Further along the path, I walk through woodland. Some patches appear to have been logged. Such a shame to see a mess of felled branches, and there doesn’t appear to be any useful wood here.
Here is a long, narrow bay, called Ob Gorm Beag. Strung across the water, in neat lines, are three rows of buoys. They’re definitely not intended for mooring boats, so I wonder if it’s some sort of fish farm. Maybe a shellfish farm?
[Later, I look up Ob Gorm Beag on the Google translator. Gorm means blue, and Beag means little. The translator is unable to tell me what ‘Ob’ means, but I like to think Ob Gorm Beag means Little Blue Bay.]
I come across a sign which tells me that the rhododendron in the area are being eradicated. I remember the ‘logging’ area I walked through earlier, and the penny drops. Not a logging area at all, but an area cleared of rhododendron.
I’m walking close to the shore, along a track which may be prone to flooding at high tide. This bay is called Ob Gorm Mòr.
[Mòr means big in Gaelic, so I guess this is the Big Blue Bay.]
This bay, too, has rows of buoys strung across its waters. Definitely some sort of seafood farm.
I’m walking through an area of pine woodland now. Unfortunately, the sky has darkened and it is quite gloomy in the shade of the trees.
I’m hungry, and look for somewhere to perch for my lunch. But, when I sit down on a rock and open up my rucksack, the midges come flooding around my face. Oh no! What a nuisance they are. Quickly, I stuff a few snack bars into my pocket, take some swigs from my water bottle, and set off again.
Voices ahead. A couple walk past. They stride confidently, but they are both wearing shorts and I wonder how they will stay safe from midges. I guess they’re not too bad if you just keep walking…
The sun comes out again, and the track rises high above the shore. I stop to take more photos. That must be Torridon across the water. I’m nearly there!
But, when I check my map, I realise that’s not Torridon I’m looking at, but the village called Annat. My lovely Beast of a van is parked in Annat, and I am planning to drive back to Shieldaig to retrieve my bike first, and then carry on to Torridon later.
More walkers! This path is getting definitely crowded.
Annat is drawing closer. Look at the light on the slopes above the village. So beautiful.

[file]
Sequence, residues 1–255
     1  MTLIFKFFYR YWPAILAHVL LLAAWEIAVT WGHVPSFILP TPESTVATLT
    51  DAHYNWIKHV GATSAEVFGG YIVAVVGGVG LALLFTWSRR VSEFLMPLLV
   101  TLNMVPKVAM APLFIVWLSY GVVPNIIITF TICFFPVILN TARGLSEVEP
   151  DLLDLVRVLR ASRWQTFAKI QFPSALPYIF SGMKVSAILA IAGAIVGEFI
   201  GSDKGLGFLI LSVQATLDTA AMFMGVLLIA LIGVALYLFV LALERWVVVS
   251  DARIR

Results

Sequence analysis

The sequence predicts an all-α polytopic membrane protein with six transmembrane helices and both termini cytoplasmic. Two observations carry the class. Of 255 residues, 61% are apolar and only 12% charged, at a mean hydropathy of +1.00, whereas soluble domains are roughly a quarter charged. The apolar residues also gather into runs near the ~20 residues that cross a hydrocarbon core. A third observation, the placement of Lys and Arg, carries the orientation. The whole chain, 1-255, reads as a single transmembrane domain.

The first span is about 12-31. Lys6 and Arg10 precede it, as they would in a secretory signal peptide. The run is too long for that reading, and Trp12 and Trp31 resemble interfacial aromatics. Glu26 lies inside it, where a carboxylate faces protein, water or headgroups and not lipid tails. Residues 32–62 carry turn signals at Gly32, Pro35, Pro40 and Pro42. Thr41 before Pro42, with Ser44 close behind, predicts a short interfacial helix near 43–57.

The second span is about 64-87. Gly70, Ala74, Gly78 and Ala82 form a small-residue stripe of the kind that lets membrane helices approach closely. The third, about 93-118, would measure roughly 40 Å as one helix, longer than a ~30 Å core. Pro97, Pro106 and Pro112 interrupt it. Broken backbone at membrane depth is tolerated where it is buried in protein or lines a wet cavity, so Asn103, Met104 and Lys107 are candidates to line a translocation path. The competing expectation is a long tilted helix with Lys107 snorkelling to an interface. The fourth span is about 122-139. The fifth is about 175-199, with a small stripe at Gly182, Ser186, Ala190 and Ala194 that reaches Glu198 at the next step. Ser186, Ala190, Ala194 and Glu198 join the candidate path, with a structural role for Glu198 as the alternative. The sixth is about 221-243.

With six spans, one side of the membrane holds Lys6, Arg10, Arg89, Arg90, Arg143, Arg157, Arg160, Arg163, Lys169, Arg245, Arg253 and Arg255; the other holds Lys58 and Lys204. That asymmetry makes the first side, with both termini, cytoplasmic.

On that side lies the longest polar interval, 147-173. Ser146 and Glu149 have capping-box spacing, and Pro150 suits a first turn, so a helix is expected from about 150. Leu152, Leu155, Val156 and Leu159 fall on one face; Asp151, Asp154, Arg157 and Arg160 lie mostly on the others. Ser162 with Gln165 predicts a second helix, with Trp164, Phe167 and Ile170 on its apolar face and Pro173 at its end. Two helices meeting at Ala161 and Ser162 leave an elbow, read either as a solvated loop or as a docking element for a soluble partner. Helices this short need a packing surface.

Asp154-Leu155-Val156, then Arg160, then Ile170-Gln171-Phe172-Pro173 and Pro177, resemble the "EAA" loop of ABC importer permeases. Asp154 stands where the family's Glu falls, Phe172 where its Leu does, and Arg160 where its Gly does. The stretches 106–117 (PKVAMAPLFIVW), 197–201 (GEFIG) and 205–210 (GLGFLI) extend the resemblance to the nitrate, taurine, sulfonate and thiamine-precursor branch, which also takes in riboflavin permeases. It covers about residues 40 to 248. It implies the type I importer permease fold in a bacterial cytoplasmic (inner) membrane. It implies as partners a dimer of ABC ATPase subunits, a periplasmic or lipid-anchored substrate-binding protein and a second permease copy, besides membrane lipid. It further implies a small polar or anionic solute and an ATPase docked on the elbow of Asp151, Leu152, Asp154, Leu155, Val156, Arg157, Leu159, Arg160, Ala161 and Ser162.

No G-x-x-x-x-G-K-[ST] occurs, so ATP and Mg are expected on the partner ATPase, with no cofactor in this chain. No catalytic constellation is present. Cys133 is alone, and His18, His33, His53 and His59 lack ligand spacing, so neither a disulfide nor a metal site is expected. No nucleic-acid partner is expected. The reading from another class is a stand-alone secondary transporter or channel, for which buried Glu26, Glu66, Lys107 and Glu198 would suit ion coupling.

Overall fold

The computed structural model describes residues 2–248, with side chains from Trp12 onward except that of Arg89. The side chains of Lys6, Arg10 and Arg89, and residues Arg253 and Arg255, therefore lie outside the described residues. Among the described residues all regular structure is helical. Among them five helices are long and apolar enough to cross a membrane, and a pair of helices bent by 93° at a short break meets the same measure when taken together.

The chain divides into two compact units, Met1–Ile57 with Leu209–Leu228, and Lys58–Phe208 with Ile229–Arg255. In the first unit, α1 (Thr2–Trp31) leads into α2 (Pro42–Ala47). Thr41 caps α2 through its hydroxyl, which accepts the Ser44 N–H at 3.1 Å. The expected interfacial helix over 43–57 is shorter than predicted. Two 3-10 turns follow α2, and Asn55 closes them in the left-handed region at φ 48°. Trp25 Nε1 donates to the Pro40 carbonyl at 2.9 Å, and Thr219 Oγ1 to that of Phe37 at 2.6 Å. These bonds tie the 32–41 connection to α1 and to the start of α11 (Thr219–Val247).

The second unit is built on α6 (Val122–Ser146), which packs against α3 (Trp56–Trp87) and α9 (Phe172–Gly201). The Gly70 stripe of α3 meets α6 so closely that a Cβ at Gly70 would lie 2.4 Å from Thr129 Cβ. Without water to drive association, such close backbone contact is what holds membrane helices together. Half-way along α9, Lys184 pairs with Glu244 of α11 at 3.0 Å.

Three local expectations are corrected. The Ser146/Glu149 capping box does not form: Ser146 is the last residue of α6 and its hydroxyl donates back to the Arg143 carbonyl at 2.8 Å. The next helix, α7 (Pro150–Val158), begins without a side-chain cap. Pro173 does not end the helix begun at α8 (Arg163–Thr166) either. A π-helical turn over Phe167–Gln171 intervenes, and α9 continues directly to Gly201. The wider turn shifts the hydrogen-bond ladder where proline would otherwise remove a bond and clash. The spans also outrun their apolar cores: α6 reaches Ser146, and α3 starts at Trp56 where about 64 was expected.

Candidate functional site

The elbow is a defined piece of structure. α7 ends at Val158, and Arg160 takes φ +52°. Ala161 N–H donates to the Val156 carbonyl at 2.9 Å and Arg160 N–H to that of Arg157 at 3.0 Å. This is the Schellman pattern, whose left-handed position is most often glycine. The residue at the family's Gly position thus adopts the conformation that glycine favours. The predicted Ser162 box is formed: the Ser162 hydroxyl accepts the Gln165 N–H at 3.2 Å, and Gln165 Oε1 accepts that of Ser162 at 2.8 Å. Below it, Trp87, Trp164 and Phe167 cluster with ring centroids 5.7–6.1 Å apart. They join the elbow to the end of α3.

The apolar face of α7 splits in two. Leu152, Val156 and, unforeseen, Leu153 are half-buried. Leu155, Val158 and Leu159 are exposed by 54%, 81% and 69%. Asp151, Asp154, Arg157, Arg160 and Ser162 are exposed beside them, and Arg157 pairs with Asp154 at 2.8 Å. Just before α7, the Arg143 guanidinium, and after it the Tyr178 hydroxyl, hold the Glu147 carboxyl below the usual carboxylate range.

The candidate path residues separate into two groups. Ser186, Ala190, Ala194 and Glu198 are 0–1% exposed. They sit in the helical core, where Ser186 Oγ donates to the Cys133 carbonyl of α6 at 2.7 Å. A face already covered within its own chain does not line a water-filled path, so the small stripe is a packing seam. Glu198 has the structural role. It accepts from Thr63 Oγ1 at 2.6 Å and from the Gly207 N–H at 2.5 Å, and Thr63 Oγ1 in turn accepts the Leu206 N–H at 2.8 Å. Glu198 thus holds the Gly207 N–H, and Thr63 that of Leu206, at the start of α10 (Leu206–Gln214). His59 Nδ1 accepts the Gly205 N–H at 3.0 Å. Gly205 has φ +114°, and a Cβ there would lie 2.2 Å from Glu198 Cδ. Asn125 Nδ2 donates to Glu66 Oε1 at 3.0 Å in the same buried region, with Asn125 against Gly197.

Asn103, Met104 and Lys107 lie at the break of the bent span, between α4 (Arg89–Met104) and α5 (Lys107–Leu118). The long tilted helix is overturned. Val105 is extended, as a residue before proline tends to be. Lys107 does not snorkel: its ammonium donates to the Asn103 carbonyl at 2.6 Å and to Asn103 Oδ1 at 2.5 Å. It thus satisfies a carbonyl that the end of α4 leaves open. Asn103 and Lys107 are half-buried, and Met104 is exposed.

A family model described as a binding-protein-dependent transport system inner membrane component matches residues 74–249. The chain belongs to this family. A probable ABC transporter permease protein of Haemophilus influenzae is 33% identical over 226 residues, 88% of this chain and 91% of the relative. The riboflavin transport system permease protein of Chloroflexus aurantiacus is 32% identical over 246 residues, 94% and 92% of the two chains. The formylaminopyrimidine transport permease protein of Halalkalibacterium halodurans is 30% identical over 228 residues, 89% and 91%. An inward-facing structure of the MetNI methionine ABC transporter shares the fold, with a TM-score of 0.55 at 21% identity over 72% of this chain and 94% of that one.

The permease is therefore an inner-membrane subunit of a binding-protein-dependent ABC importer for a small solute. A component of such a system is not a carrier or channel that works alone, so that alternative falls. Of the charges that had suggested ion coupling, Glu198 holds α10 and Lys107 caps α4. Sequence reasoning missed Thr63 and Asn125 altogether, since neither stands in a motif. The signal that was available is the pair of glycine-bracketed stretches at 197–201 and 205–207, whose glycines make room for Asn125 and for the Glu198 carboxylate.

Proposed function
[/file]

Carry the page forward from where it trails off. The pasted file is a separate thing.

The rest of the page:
Ah, what’s that village? A bit further round the loch, and under the slopes of a very impressive mountain. THAT must be Torridon. Oh dear, it looks very far away.
I walk past mysterious sheds, and pretty waterfalls. Then, the path leaves the shore, and curves round through woodland. How beautiful this section is, with the light falling through the trees.
A sign suggests I’m walking towards a hotel. Oh yes, I check my map, that is where this track finally ends. I think I can see buildings through the trees, but it turns out to be a trick of the light.
Back close to the loch, the light is slanting sideways and makes the colours sing. Love the golden weed on the shore, contrasting with the blue of the water. And there is another one of those islands that look as though they’re floating.
Here’s another burst of colour – a stack of kayaks piled on a trailer.
I’m getting closer to the hotel. The track leads purposefully inland.
I cross over a bridge, and leave the wild countryside behind. Now I’m walking through the manicured gardens of a hotel…
… and emerge into the car park. A couple of motorcyclists are sitting having a drink in the evening sunshine. Looks tempting… but I’m not sure if it’s a public bar or just for hotel guests.
Onwards. I rejoin the road.
That core path was a lovely diversion. Now I have to listen out for traffic, and march quickly. The day is nearly over, and I still haven’t reached Torridon.
Just outside Annat, parked in a layby, is my lovely Beast.
I sit in the safety of my front seat, and eat my belated, midge-free, picnic lunch. What a view. That’s Torridon over there. It still looks a long way away.
Actually, I’ve since decided it’s a mistake to try and divide a walk into two sections, with a car journey in the middle. Now I’m back inside my comfortable Beast… well, I decide I’ll call it a day.
Torridon can wait.
Miles walked today = 7 miles
Total distance around coast = 4,446 miles